Bush Administration Sends Congress Draft Medicaid Reform Legislation
The Bush administration on Aug. 5 forwarded draft legislation to address Medicaid spending increases to Senate and House leaders, the Senate Finance Committee and the House Energy and Commerce Committee, CQ HealthBeat reports. Provisions in the bill and a related proposal from the administration on home-based alternatives to nursing home care "are much the same" as proposals detailed in the administration's fiscal year 2006 budget request, according to CQ HealthBeat.
With "[m]uch of the attention of late" focusing on the National Governors Association reform proposals and efforts from congressional staffers, the administration's draft legislative language "marks a fresh attempt" to influence reforms, CQ HealthBeat reports. Governors generally do not support Bush's proposals to end accounting practices that lead to increased federal reimbursements, but Bush's plan could save the federal government billions of dollars if Congress approves it.
Leighton Ku, an analyst for the Center on Budget and Policy Priorities, said there are some "new twists" to the administration's proposals, including a provision that provides for advance submission of state Medicaid spending plans in a way that allows federal officials to curb questionable accounting practices.
In addition, the draft legislation includes a cap on federal payments to states for administrative costs related to Medicaid, Ku said. To determine reimbursement for administrative costs, the administration would use 2003 as a base year and increase payments for each successive year by the percentage increase in the consumer price index plus 4.5%. Ku said the administration's draft legislation did not include programs to increase Medicaid funding that were highlighted in Bush's FY 2006 budget proposal earlier this year.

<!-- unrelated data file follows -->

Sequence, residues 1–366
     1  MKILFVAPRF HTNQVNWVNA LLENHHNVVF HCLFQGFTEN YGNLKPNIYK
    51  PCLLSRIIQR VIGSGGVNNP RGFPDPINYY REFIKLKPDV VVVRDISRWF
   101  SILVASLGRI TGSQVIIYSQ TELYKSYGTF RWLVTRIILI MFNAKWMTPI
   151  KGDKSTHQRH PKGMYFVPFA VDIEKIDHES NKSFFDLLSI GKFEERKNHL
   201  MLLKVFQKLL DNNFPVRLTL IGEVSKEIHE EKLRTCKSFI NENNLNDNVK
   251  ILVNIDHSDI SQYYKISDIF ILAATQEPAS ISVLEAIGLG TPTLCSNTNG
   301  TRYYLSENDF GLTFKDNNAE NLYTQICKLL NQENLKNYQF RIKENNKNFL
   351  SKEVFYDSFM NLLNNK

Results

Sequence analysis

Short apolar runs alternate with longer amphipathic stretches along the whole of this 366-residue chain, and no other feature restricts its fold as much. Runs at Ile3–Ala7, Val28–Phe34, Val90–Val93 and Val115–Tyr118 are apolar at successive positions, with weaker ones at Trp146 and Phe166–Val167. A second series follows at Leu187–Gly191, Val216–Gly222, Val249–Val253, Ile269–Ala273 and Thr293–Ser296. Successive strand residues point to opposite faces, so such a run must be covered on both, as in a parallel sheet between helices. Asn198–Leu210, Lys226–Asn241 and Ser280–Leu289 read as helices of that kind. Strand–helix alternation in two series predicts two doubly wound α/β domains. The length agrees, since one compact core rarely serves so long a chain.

In a letter to congressional leaders, HHS Secretary Mike Leavitt said, "These proposals will help keep Medicaid affordable and sustainable for states and the federal government by restructuring reimbursements for prescription drugs, reforming rules for long-term care eligibility and strengthening the program's financial integrity" (CQ HealthBeat, 8/10).
In related news, some consumer advocates have said that a provision of the Medicare drug benefit that requires states to contribute to the cost of the program for some beneficiaries will lead to benefit reductions and increased out-of-pocket expenses for some Medicaid beneficiaries, Gannett/Detroit Free Press reports.
Kathleen Stoll, health policy director for Families USA, said, "We're very concerned. The only way states can control the money" being paid to Medicare "is to reduce their Medicaid eligibility" (Wheeler, Gannett/Detroit Free Press, 8/11).